A year is a long time.
A little over 12 months ago, Patrick Reed had just won the Hyundai Tournament of Champions for his fourth PGA Tour victory.
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Fifty-two weeks ago, Reed was a motivated man, out to prove his two-win season in 2014 was merely the beginning.
Three-hundred-and-sixty-five days ago, there was a sentiment that Reed, not Jordan Spieth, was poised to be the breakout American star.
Two months later, Reed double-fist pumped after sinking a playoff-forcing putt at the Valspar Championship. Spieth wasn’t closing the door behind him. Reed was the closer. Spieth? Merely a one-time PGA Tour winner. In that moment, you felt Reed had the winning edge. Funny what can happen in a year.
Spieth would win that playoff, with his own fist-pump-inducing putt, and go on to have a season for the history books. Reed wouldn’t crack the top 10 in a tournament for 16 consecutive starts. In that same span, Spieth had nine top-four finishes, two majors and became No. 1 in the world.
Whether it was a simple defeat, a loss of feel, an over-reliance on a hook or the unflattering publishing of some details in Reed’s prep career, something happened to derail a player who seemed poised to be his generation’s golf alter-ego -- brash, boastful and ballsy.
Reed finished second in his return to Maui this week. He made just one bogey, shot a 22-under score that would’ve won the Tournament of Champions at Kapalua in most years -- yet finished eight shots behind Spieth.
In defeat, Reed seemed a changed man. In this moment, Reed wasn't defiant in a cocky way, he was encouraged in an assured manner.
“Right now, I feel like my game is the best it's ever been,” Reed said. “I'm definitely trending in the right direction. A couple of my weaknesses I'm improving on and that's all I can really control.”
Control seems to be the key word for a player who has corralled his inner circle to balance his play as a professional. On the 72nd hole Sunday, with the outcome already determined, Reed blocked a 3-wood well right of the 18th green. He wasn’t happy, but his exchange with caddie and brother-in-law Kessler Karain appeared different. It was resigned to the shot, not the week or scoreboard position.
Walking down that fairway, Team Reed seemed more centered.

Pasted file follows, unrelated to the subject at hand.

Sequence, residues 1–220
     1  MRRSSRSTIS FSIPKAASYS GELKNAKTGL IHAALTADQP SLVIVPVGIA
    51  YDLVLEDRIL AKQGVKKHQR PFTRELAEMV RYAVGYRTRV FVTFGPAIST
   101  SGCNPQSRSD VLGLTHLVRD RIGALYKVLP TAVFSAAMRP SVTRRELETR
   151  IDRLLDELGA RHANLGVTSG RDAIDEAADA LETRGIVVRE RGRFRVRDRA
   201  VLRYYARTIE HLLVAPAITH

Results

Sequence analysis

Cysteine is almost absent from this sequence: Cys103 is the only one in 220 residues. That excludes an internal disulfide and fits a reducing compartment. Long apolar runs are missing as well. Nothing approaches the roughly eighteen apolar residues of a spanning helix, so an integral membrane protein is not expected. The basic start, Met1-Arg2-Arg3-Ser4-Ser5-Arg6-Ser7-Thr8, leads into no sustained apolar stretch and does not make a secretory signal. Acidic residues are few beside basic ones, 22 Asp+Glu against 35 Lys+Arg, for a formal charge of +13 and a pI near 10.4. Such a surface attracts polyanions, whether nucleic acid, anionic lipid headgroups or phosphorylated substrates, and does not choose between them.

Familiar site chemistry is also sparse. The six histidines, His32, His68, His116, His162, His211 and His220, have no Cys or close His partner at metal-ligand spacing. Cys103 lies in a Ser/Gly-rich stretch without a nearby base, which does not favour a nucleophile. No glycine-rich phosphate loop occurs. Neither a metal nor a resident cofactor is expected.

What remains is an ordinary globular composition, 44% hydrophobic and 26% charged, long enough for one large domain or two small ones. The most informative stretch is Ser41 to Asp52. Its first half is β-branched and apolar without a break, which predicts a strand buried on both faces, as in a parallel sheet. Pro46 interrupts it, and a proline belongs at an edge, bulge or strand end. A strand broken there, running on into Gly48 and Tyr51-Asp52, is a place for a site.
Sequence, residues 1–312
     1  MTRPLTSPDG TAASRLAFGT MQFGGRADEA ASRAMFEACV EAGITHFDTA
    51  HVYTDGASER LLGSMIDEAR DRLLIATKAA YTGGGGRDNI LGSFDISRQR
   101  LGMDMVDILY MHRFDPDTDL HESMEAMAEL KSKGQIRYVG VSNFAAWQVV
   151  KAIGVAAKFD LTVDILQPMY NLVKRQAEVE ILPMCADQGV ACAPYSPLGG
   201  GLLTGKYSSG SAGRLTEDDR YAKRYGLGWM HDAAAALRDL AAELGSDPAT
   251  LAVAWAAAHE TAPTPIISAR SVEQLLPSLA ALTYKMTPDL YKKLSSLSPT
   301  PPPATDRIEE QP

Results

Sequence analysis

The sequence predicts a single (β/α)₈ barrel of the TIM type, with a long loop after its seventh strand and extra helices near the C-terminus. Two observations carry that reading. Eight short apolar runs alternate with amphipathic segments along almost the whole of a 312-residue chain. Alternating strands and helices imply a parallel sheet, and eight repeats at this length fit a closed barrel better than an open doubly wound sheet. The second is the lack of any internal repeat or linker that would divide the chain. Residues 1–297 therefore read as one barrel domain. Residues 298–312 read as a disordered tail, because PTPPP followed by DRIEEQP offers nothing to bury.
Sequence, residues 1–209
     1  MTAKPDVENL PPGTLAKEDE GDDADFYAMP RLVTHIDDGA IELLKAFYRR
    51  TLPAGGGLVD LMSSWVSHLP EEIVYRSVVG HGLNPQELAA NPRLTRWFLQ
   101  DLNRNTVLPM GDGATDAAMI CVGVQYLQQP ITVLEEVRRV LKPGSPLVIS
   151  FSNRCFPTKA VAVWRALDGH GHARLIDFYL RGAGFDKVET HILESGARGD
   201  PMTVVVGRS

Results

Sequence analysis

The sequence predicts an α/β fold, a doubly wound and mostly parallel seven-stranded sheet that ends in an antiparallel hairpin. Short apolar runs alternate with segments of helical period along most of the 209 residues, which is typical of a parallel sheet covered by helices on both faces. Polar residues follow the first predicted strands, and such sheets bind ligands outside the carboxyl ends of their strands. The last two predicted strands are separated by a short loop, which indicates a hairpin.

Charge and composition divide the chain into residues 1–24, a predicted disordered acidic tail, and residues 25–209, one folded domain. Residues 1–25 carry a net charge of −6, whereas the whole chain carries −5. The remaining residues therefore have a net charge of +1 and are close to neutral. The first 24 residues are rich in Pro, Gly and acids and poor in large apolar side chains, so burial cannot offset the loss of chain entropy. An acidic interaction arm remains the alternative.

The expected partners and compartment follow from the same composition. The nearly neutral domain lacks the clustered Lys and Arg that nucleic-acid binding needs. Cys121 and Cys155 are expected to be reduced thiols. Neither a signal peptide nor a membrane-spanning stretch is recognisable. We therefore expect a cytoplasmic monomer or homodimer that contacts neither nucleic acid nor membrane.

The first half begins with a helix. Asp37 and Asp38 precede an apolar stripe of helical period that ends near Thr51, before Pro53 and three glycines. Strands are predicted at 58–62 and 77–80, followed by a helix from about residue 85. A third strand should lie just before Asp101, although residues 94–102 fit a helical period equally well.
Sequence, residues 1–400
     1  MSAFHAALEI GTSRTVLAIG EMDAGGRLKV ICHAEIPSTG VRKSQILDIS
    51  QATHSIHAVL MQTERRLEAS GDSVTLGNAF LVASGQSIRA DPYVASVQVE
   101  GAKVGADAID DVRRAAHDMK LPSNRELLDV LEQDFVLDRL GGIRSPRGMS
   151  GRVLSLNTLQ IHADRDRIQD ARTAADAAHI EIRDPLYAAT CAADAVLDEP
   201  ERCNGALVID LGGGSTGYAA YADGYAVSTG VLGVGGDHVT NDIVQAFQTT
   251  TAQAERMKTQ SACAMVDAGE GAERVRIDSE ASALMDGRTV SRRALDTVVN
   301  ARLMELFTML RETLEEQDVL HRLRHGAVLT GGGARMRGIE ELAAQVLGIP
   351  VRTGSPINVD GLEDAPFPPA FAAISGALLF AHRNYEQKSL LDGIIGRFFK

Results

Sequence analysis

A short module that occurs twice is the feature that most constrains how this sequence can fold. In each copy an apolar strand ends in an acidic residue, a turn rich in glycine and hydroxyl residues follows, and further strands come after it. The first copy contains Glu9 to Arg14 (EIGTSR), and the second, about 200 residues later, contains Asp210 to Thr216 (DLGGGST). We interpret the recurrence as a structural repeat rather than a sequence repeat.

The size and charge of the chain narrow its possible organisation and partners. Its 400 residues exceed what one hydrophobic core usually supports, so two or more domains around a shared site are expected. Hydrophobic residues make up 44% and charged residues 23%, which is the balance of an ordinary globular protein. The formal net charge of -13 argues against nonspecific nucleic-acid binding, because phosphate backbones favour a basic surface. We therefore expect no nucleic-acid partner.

“At the end of the day, as long as I improve in my game and I feel like I'm getting better and improving at the weaknesses that's all can I ask for,” Reed said earlier in the week. “I can't control what the other guys that are in the field do. All I can control is what I do. That's the only thing I really focus on and at the end of the day that's all for me that really matters is how I play.”
This is the same player who welcomed the bullseye he put on his own back with his ‘Top Five’ comment at Doral in 2014. The same player who tried to shush all of Europe as a Ryder Cup rookie. Has Reed softened his approach? More likely, his journey to regain confidence has him more focused.
Reed followed the disappointment of last year on the PGA Tour by heading overseas and playing a significant foreign schedule to maintain European Tour status. He never finished outside of the top 10 in six events to close 2015. He rose from 19th to become a top-10 player in the world.
Perhaps the top-five remark still motivates him, but it seems Reed, comfortable in his skin, is chasing being his best, believing that will make him the best.
“I had some things that my new coach and I were working on and it kept me going and kept me motivated and played some really solid golf and it seemed to carry over into the off season, which was only three weeks so not really an off season and then I was back here grinding away," he said.
Reed has worked a cut into his repertoire, but the edge he has rediscovered from a stretch of solid golf may be more valuable than any two-way shotmaking. He won’t take the bait on questions about the new ‘Big 3,’ yet. It’s a sign of maturity as Reed evolves and takes aim at 2016.
A lot can happen in a year.